Everyone Can Make A Book Now
Probably every one of you dream about making a book or an exhibition. I certainly did when I was beginning. I hoped to have my work in a book, and I do. Now I have 25 books. So how do you make a book? How do you find the core elements in the range of your photographs, that could be assembled into a book? And how do you find the pace, and the beat, and the rhythm of a book? Everybody does it their own way. Some people like the jagged kind of jazzy momentum to a book. Somebody else wants it nice and smooth and flowy. Some people start with big pictures and then they move to smaller imagery. It's up to each of you to discover your own way. But let me give you a few things that I've learned in the course of making the 25 books that I have. (jazzy music) Sometimes, a subject arises out of your work. I talked about this in an earlier module, about how you discover that word. But once you have it, where do you begin? How do you layout a book? For example, here's a book called ...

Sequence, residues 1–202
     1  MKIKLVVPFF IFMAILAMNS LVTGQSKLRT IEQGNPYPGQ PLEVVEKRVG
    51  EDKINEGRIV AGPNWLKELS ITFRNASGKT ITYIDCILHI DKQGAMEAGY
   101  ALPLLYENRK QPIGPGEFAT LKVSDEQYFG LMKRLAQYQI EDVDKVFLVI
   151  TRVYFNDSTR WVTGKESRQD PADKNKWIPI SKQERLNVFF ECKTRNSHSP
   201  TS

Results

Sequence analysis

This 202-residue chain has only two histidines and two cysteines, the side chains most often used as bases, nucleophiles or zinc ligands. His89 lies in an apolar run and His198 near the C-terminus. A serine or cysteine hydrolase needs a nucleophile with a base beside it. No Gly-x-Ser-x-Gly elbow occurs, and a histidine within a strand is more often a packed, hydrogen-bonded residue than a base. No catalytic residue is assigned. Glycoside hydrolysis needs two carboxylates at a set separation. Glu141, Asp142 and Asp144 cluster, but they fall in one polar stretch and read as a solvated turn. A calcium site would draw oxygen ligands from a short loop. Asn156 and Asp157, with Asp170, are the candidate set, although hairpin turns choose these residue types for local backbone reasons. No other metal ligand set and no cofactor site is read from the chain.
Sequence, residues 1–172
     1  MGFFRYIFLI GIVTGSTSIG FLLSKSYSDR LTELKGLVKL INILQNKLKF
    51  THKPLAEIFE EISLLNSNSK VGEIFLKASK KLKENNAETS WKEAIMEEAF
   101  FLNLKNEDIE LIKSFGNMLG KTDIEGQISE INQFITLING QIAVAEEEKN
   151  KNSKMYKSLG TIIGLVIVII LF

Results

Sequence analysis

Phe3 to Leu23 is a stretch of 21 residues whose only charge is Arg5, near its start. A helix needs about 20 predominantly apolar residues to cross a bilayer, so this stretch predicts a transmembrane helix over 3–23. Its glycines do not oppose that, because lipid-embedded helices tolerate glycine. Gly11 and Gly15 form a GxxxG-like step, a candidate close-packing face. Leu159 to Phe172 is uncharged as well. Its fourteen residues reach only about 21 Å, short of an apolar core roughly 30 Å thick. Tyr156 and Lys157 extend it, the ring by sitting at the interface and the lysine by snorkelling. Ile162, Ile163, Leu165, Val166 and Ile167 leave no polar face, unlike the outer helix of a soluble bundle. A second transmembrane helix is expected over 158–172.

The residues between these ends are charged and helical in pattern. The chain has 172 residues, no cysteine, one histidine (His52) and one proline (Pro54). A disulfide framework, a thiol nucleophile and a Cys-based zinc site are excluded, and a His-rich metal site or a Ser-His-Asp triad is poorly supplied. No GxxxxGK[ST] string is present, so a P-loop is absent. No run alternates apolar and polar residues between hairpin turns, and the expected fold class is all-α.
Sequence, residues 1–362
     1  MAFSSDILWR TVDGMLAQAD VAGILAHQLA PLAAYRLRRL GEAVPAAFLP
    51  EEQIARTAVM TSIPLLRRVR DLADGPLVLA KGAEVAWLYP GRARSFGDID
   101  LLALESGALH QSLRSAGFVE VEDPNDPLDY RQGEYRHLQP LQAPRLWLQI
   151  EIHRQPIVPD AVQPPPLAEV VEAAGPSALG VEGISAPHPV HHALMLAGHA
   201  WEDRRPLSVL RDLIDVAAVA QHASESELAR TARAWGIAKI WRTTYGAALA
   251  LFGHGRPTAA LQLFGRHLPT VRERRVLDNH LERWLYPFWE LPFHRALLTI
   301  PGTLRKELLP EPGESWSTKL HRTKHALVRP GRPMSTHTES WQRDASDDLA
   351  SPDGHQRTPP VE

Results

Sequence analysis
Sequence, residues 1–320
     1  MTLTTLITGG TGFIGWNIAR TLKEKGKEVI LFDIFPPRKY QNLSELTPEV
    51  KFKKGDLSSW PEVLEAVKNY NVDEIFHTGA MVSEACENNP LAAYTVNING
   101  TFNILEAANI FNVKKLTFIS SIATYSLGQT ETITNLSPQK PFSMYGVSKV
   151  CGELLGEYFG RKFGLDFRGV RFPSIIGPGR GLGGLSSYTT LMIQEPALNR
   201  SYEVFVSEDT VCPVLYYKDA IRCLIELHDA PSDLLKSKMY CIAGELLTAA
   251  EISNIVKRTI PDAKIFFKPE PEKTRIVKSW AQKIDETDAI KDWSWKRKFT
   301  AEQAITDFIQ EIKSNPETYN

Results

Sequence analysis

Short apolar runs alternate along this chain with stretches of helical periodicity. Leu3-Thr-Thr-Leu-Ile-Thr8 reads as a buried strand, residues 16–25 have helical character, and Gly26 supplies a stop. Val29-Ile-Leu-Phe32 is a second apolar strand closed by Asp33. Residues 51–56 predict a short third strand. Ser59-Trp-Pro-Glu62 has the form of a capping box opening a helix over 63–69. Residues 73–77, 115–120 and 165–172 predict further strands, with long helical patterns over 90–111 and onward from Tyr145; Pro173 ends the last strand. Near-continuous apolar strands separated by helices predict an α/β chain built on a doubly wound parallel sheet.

Cape Light. This is probably my most famous book. It's been out for a long time, and many many editions of it. This was about Provincetown and Cape Cod. A very special place in America. And when I began to put the pictures together, I felt that because light was the subject, I wanted to start off in a way that even inside a house, light became the factor that drew the inspiration for me to make the photograph. So I had this warm, yellow, creamy interior. And what should the next picture be? When I layout a book, I make small sort of playing card size images, so I can carry them around with me all day and look at them in different arrangements on the table. That way I can muse about them and reconsider the way things play when I see them together. So I needed to follow this interior with something that would take us outside. And the next picture became this very pale, blue seascape with tiny, tiny figures along the bottom. I thought that's a risky thing to put the people far, far away. But give the sense of the scope of the space and the beauty of the light, and blue was a nice way of going against the yellow. It's kind of the complement of it. So step by step, I built the run of pictures in this book. I believe that it's play. If you follow my advice and make a series of small prints that you can carry in your hand, you can do this arrangement. I keep seeing, "Well how is it that when I'd flip this picture over and this one comes up, it doesn't feel right to me?" It feels slow or it feels like it doesn't make some kind of sense. It's in your capacity, everyone of you, not only to make a work of art but to make a book of your work. That also can be a work of art. So try this plan of making a lot of small pictures and run them out and when you get a run that feels really good to you tun them over and write on the back in red pencil, one, two three, four, five, six, seven, eight, nine, 'till you're finished. And then take them and do 52 pickup. Throw them in the air, pick them all up, and start all over again. Because sometimes the picture at the end is a great beginning. And when you make a new order and you like that one, too, you write in a different color pencil, another set of numbers underneath the first one. And that way you're always in control of the sequencing that you made and the pleasures that it gave you and then you can run back and forth between them and say, "I like the first sequence better but at this point sequence B could actually come in here and make a passage that will develop my idea." Beause remember, photography look likes pictures but it's really ideas. Your ideas. And the kind of things that come up to you just in the course of your every day experience. The collecting of moments, of time that move you in a special way. And that's what a book is. It's a collection of bits and pieces of time that you thread together to make a pleasing, organized, structure. Something that has your personal poetry and has your beat, your sense of life, your joy. It's a joyous experience being out on the street, being in the world, making photographs, and then collecting your ideas and putting them in some kind of order. This is one of the greatest satisfactions of photography. So have some fun with this. (jazzy music) Let me show you something about laying a book out, and how's the best way to do it. Look at this pile of minis that I was talking about before. When you want to make an order of a book it's good to have these little cards in your hand, these playing cards that you can riffle and cut anyway you want. And then you just lay them out and you think, hm, no. How do they go together? Or should I put these women together? Here's a portrait, maybe these two portraits work together across a spread. Or maybe these polka dots on the wall and this guy with he stars on his hat and pictures of President Kennedy, maybe they fit together. There are lots of ways of approaching the layout of a book. But I think it's so important to have a small set of minis to work with so that you can see your thoughts and you can follow the flow of them as you move through a book and you try to keep the pace going at a certain rhythm, you try to have surprises as you turn the page. Because you don't want people to be bored after the first four pages, and say, "Well I don't want this book." And then put it back on the shelf. You want to excite them, make them think about, "This is unexpected." Because after all the world is unexpected. So this is an incredibly useful tactic that I've used for 25 books over the last probably 30 years of publishing and it works for me. And if it works for me it's gonna definitely work for you. That's my little minis that I used in the Cape Light shown. Look how small they were. Look at that. It's like a flip book. This is a treasure, this one. Look, I didn't have a photograph for that one, I had to make a drawing. (laughs) How cute, huh? Oh, well.